The brain interprets what we see in our environment even the expressions of other people. Researchers have revealed what part of the brain is responsible for recognizing people's facial expression.
The researchers from Ohio State University (OSU) showed that posterior superior temporal sulcus or pSTS, which is located at right side of the brain behind the ear, is the one responsible for facial expression recognition.
With the use of fMRI or functional magnetic resonance imaging, the researchers saw an increased blood flow on the brain's pSTS when the subjects looked at the facial expressions shown to them.
The study also discovered that the nerve pattern in pSTS recognizes the movement of facial muscles. For example, it recognizes the pattern of furrowed brows and the upturn of the lips when smiling.
"That suggests that our brains decode facial expressions by adding up sets of key muscle movements in the face of the person we are looking at," said cognitive scientist and professor Aleix Martinez of electrical and computer engineering at OSU.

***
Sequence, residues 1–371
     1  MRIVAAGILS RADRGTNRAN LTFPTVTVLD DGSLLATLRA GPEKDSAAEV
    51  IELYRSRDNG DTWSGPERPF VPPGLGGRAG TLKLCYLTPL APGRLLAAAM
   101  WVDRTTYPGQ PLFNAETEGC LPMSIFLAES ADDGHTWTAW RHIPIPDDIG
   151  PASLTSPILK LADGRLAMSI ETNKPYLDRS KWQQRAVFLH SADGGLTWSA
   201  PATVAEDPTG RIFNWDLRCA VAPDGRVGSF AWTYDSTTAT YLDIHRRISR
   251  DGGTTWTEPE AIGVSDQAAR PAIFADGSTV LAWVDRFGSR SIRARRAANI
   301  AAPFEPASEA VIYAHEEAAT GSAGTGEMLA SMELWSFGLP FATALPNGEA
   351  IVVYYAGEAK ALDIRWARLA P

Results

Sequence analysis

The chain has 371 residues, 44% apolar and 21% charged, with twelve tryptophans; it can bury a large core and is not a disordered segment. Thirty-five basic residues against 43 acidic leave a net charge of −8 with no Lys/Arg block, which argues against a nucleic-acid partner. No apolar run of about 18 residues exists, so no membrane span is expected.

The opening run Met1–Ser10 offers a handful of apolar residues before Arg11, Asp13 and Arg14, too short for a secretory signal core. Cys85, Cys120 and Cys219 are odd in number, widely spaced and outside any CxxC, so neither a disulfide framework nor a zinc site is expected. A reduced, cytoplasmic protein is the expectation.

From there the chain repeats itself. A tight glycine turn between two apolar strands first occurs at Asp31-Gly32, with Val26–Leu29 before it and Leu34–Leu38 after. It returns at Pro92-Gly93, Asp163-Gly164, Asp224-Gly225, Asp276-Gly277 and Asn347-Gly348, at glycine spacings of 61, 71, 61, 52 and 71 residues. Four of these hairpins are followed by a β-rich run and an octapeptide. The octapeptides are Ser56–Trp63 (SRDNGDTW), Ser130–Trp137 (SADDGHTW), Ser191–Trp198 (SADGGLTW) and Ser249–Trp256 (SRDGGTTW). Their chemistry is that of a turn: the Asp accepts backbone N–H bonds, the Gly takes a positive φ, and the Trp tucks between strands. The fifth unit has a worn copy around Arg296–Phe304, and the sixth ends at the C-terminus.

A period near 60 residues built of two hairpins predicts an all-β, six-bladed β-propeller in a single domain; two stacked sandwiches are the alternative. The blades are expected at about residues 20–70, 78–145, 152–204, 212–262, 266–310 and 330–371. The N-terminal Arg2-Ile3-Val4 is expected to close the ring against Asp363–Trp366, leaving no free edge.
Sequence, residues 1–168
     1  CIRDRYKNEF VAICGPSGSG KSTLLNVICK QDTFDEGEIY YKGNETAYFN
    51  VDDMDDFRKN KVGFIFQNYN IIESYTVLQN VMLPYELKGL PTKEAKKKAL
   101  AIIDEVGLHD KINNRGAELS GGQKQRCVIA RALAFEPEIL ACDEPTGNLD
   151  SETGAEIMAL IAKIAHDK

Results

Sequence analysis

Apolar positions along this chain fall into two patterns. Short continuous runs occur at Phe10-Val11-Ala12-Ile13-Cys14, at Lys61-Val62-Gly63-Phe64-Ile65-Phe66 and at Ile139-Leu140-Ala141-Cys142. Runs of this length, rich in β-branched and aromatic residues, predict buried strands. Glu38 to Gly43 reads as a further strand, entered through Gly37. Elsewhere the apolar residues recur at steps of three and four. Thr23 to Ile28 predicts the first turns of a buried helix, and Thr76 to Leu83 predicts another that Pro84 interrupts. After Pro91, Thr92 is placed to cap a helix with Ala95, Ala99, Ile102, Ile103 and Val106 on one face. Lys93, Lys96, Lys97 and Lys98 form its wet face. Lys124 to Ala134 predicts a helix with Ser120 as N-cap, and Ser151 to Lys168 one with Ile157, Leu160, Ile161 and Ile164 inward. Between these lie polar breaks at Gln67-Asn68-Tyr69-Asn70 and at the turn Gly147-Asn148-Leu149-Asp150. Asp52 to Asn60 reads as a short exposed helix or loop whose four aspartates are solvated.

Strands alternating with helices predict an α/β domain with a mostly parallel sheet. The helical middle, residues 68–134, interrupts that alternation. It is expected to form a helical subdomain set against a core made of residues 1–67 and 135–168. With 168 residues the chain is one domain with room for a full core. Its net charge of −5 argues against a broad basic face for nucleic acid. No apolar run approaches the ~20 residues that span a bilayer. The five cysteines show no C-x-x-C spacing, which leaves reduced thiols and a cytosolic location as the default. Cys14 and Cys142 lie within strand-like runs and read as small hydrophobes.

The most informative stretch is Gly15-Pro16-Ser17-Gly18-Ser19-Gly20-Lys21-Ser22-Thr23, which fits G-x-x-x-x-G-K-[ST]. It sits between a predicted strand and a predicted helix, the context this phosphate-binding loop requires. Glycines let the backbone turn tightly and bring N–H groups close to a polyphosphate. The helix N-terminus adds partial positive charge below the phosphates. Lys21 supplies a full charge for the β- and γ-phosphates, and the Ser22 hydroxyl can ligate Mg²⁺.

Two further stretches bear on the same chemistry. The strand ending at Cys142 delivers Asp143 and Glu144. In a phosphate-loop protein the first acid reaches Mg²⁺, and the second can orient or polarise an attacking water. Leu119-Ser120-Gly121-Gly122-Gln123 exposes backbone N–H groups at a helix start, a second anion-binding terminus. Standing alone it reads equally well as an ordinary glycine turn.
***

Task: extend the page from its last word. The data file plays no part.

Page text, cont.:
Martinez's team placed 10 participants under fMRI machine wherein they were showed 1,000 facial expressions that corresponded to seven emotional categories, namely disgusted, happily disgusted, fearfully disgusted, happily surprised, fearfully surprised, angrily surprised and sadly fearful.
Even though the categories shown were a mix of negative and positive expressions, there is a similarity among them. For example, though they differ in other facial movements, happily, fearfully and angrily surprised all showed raised eyebrows.
The researchers also invented a machine learning algorithm that identifies the facial expression of a person with the use of the fMRI data.
According to Martinez humans make use of a very large number of facial expressions to show an emotion aside from non-verbal communication and language.
"This work could have a variety of applications, helping us not only understand how the brain processes facial expressions, but ultimately how this process may differ in people with autism, for example," said Director Julie Golomb, Vision and Cognitive Neuroscience Lab, OSU and one of the authors of the research.
The study was funded by National Institutes of Health and Alfred P. Sloan Foundation.